A GLOSSARY OF HERDING TERMS AND COMMANDS

balance point The correct positions of the dog, stock and handler relative to each other, and the dog’s sense of where this is. Also refers to the point at which the stock will move away from the dog quietly. Varies extremely with species and tameness. Finding the balance point is essential to correct rating. Also refers to the point where the stock will STOP moving, ie where they feel pinned (as against a fence) but not so pressured that they will try to escape. This is often in reference to the draw as well as stock tameness. The balance point is also the point at which the stock are balanced between the handler and the dog (ie, if the handler is at twelve o’clock, the dog is classically at six o’clock, with the stock in the middle), in a fetch. When the handler moves laterally (clockwise or counterclockwise), the dog will instinctively move away, around the edge of the circle to keep the balance point the same.

biddability The biddable dog is one who will take commands easily and is willing to please.

clap (verb) instinctive dropping to the ground when at the balance point, associated with the stalking behavior of strong-eyed herding breeds.

contact “out of contact” is used to describe a dog which is either too far away or too unfocused, so that he is not reading and reacting to the stock, nor them to him. “In contact” describes a dog which is putting the correct amount of pressure and attention on his stock. The point of contact for loose-eyed dogs is typically closer than for strong eyed dogs.

cover (verb) to keep the stock all together, to push the group together by wearing. instinctive.

cross drive (noun) the part of driving in a trial where the dog is moving the stock across the end of the arena or field, lateral to the handler.

dog-broke (noun) stock that is accustomed to being worked with dogs.

draw (noun) whatever the stock is drawn towards—exhaust pens, home pasture, other stock, feed, uphill, etc.

drive (verb) to move the stock away from the handler in a given direction, or simply to move the stock somewhere.

drop and drift driving technique in which, once the stock are moving in the right direction, the dog is told to lie down until the stock have run out of gas. Then the dog is sent on again. A fault in ASCA trials (may result in loss of ‘control’ points).

eye instinctive staring at stock, or, the whole complex of stalking behavior highly developed in Border Collies and some Kelpies. Dogs with a lot of eye have a tendency to stay just OUTSIDE the balance point and manipulate stock from a distance. They also have a tendency to want to stop the motion of the stock. Dogs with less of this quality tend to come inside the balance point, and tend to want to keep the stock in motion. See strong-eyed.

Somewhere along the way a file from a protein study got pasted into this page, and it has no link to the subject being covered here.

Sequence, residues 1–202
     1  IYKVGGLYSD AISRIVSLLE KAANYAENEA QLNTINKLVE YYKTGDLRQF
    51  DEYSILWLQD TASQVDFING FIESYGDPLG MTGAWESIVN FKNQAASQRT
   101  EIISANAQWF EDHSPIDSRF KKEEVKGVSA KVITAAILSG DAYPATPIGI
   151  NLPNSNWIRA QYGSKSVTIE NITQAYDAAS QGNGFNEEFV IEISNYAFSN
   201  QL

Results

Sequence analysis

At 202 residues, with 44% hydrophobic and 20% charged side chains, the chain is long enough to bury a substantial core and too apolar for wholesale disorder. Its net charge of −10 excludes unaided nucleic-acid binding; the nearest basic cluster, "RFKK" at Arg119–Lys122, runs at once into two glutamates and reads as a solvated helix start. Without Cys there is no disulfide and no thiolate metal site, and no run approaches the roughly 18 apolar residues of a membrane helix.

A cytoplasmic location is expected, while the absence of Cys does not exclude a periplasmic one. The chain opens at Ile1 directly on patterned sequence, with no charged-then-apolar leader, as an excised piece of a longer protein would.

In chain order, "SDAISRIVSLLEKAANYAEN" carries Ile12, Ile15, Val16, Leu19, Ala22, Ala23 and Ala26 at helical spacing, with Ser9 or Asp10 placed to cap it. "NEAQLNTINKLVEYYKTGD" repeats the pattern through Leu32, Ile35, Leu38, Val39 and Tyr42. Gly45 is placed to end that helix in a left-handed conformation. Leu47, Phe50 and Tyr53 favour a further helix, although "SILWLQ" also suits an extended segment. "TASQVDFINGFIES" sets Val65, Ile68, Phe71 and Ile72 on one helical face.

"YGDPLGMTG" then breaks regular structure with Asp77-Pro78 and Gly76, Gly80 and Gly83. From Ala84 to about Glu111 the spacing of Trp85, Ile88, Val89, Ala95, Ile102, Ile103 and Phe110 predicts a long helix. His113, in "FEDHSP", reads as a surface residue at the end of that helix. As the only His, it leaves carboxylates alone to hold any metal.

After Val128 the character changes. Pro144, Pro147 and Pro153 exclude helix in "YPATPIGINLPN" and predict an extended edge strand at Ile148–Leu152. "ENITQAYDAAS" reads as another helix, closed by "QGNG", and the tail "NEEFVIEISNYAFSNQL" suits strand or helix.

fetch (verb) to bring the stock to the handler, preferably in a straight line. Also a particular part of trials, “the fetch”. A “fetching” breed is one which has a natural tendency to do this (most stockdog breeds).

flank go around the stock in a given direction. Used as both verb (to flank, flanking) and noun (take a flank, short flank).

flipping out or flipping away when changing direction, to turn away from the stock instead toward it. a bad habit, hard to cure.

gather (verb) to bunch the stock, also to move it toward the handler.

get to head to continue on an arc outside the flock to the point that the lead animal on that side turns toward the handler, or turns in the wanted direction. Until that happens, the dog has not gotten to head. A natural driving dog has little inclination to get to head; a natural fetching dog has a strong instinct to get to head. Once they have done so, they will instinctively turn and go to the opposite side to turn the lead animal on that side (the continual action called wearing).

head (verb) to turn the stock, or to stop them going in a direction. also, to grip on the head.

heavy (adj) tame, slow-moving stock. could also challenge a dog.

heel (verb) to grip on the heel.

grip biting to move stubborn stock. A dog must be willing to grip to move cattle and goats, and some sheep. Where the dog grips is inherited, whether the nose or the poll (heading) or high or low on the leg (heeling). Many dogs will head but not heel or vice versa. Gripping routinely in an inappropriate place such as the ear, neck, or flank is an inherited flaw.

inside flank (noun) go around the stock between them and the handler.

lift (noun and verb) the initial push the dog exerts from behind the stock to move them toward the handler. The lift is the end of the outrun.

light (adj) shy stock that move easily from a dog, sometimes panicky. Requires a dog to work from farther away.

loose-eyed (adj) a dog that works upright, without crouching or overt staring. The opposing term is strong-eyed. Loose-eyed dogs tend to work closer to their stock, tend to desire to keep the stock moving, and tend to be more naturally comfortable in close quarters such as stockyards, chutes, and pens, than dogs with strong eye.